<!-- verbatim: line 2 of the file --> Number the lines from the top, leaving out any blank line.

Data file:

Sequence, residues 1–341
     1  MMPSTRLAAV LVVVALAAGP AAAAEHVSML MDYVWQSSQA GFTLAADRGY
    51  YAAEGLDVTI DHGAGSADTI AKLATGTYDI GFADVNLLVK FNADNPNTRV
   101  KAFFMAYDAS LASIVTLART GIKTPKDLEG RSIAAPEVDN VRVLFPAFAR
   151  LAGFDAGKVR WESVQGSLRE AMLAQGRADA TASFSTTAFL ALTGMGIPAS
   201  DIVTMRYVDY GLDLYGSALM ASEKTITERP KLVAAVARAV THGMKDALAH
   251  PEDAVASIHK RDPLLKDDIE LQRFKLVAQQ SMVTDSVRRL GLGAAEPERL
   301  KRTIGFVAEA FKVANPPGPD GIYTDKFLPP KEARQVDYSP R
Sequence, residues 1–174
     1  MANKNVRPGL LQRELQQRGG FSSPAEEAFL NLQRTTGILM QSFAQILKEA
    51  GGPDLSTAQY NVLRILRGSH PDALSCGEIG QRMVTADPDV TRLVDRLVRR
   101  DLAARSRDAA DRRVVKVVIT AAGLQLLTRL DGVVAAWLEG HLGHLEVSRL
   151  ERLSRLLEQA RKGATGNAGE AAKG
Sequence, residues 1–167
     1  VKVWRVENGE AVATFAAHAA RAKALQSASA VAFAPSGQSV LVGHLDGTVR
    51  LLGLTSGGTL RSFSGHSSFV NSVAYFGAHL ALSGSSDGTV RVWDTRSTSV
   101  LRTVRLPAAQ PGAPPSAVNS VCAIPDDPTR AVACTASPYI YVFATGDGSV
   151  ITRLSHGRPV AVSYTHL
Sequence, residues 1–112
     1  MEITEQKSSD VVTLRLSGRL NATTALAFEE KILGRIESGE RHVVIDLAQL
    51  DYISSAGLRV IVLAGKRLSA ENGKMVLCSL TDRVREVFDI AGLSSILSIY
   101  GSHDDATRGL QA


     1  MMPSTRLAAV LVVVALAAGP AAAAEHVSML MDYVWQSSQA GFTLAADRGY